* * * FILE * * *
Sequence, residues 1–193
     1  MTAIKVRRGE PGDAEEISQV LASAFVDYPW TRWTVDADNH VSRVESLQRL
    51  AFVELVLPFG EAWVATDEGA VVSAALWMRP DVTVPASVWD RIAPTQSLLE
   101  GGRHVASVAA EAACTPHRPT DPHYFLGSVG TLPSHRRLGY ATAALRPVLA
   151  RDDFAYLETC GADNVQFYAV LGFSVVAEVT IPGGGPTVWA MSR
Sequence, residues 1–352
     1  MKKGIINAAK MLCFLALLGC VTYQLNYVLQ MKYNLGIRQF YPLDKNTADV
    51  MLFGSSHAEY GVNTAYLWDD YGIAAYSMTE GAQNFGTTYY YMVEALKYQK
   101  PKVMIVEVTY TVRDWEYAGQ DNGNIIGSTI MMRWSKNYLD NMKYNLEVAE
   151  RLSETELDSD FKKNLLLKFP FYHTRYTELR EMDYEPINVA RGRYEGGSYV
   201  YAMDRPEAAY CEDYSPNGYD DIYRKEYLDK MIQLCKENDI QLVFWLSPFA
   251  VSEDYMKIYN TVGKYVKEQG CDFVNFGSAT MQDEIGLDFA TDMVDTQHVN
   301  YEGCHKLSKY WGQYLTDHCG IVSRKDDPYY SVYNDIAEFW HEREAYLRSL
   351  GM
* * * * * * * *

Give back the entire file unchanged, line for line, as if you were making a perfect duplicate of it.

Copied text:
Sequence, residues 1–193
     1  MTAIKVRRGE PGDAEEISQV LASAFVDYPW TRWTVDADNH VSRVESLQRL
    51  AFVELVLPFG EAWVATDEGA VVSAALWMRP DVTVPASVWD RIAPTQSLLE
   101  GGRHVASVAA EAACTPHRPT DPHYFLGSVG TLPSHRRLGY ATAALRPVLA
   151  RDDFAYLETC GADNVQFYAV LGFSVVAEVT IPGGGPTVWA MSR
Sequence, residues 1–352
     1  MKKGIINAAK MLCFLALLGC VTYQLNYVLQ MKYNLGIRQF YPLDKNTADV
    51  MLFGSSHAEY GVNTAYLWDD YGIAAYSMTE GAQNFGTTYY YMVEALKYQK
   101  PKVMIVEVTY TVRDWEYAGQ DNGNIIGSTI MMRWSKNYLD NMKYNLEVAE
   151  RLSETELDSD FKKNLLLKFP FYHTRYTELR EMDYEPINVA RGRYEGGSYV
   201  YAMDRPEAAY CEDYSPNGYD DIYRKEYLDK MIQLCKENDI QLVFWLSPFA
   251  VSEDYMKIYN TVGKYVKEQG CDFVNFGSAT MQDEIGLDFA TDMVDTQHVN
   301  YEGCHKLSKY WGQYLTDHCG IVSRKDDPYY SVYNDIAEFW HEREAYLRSL
   351  GM